Bethan Langford

Award: Fusion Fund

Year: 2020

Genre: Opera

Instrument/voice type: Mezzo soprano

Location: Scotland


British mezzo-soprano Bethan Langford studied at the Guildhall School of Music & Drama and the National Opera Studio and was a 2018/19 Emerging Artist for Scottish Opera. Highlights so far include her debut at the Royal Opera House Covent Garden in Maxwell's The Lost Thing, Dorabella (Così fan tutte) for Bury Court Opera, Second Lady in Tom Allen's Magic Flute for Scottish Opera, Second Angel in George Benjamin's Written on Skin with the Melos Sinfonia at LSO St Lukes and on tour at The Mariinsky Theatre, Third Maid (Elektra) under Esa-Pekka Salonen for the Verbier Festival, Noble Orphan in Richard Jones' Der Rosenkavalier at the Glyndebourne Festival and the BBC Proms and the title role in The Rape of Lucretia at Grimeborn.
A keen recitalist, Bethan has performed at many leading concert venues and festivals around Europe including the Wigmore Hall, Heidelberger Frühling Festival, Aldeburgh Festival, Buxton International Festival, the Ryedale Festival, International Lied Festival Zeist, and the Oxford Lieder Festival. She is a founding member of the lieder and part-song ensemble, Schubert & Co.
Bethan is a Samling Artist, a Les Azuriales Young Artist and a Yeoman of the Musicians' Company. Future engagements include Lola in Cavallier Rusticana for Scottish Opera, recitals at the Lewes Festival of Song and Edinburgh International Festival with Keval Shah, and her role debut with English National Opera. She is excited to be workshopping and developing a new piece, Indus, based on her experiences as a disabled artist, and is grateful to the Help Musicians Fusion Fund for their generous support.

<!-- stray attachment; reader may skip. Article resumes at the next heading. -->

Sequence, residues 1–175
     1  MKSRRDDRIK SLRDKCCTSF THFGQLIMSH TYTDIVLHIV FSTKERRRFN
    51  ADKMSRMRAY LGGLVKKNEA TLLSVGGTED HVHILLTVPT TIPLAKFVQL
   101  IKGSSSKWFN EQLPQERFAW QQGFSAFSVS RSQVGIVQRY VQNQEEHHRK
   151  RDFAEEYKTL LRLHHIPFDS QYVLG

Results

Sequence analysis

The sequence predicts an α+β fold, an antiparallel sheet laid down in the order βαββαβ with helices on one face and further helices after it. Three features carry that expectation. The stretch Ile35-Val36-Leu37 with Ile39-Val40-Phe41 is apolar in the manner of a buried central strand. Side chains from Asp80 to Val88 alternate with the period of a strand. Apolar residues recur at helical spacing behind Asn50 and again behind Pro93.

I am using this funding to develop a new piece of music theatre, Inuds, inspired by my experiences as a disabled artist in the opera industry.
Indus will be an intimate new theatre work and unique approach to integrated access, using electronic music, foley, audio description and the operatic voice. It explores the social model of disability through my experiences, creating a powerful and equal experience for both visual impaired and sighted audiences.
The funding will enable myself and my collaborators to embark upon the crucial developmental phase of the piece - we have been offered a residency at Snape Maltings to do this. The aim is to develop two key excerpts from the piece to perform in a showcase, which will be vital in securing the future of the work. It will be attended by producers from a list of 26 organisations who have expressed interest, including the Royal Opera House, Music Theatre Wales and the Southbank. Two excerpts from the residency will be audio recorded as part of Together 2012's 'Together Festival'. We will test whether the digital format helps increase accessibility for those with limited capacity to travel.
The funding will give me the opportunity to work with new collaborators, such as the composer Laura Bowler, disability consultant Fotlnel Galanopoulou and and artistic consultant Ruth Sullivan.